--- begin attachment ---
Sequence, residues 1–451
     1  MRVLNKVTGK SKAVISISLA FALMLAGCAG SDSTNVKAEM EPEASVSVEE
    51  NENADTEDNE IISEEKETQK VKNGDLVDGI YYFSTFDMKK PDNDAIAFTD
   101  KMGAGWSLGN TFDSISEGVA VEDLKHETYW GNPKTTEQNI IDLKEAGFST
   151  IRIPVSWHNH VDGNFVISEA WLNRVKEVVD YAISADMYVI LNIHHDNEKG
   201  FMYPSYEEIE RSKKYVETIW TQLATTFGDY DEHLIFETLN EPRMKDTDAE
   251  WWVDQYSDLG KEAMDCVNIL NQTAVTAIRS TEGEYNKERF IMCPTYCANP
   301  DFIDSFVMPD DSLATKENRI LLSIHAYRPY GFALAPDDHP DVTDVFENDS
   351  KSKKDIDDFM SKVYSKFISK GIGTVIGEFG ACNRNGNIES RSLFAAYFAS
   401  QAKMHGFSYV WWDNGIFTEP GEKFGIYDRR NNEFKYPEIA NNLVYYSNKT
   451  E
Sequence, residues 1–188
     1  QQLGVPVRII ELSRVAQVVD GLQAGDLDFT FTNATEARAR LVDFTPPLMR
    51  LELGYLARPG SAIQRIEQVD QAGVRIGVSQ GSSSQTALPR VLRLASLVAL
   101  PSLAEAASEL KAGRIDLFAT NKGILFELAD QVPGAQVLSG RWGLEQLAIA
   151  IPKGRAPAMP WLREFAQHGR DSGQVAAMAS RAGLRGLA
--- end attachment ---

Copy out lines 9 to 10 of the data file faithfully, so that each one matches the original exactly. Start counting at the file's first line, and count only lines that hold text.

   351  KSKKDIDDFM SKVYSKFISK GIGTVIGEFG ACNRNGNIES RSLFAAYFAS
   401  QAKMHGFSYV WWDNGIFTEP GEKFGIYDRR NNEFKYPEIA NNLVYYSNKT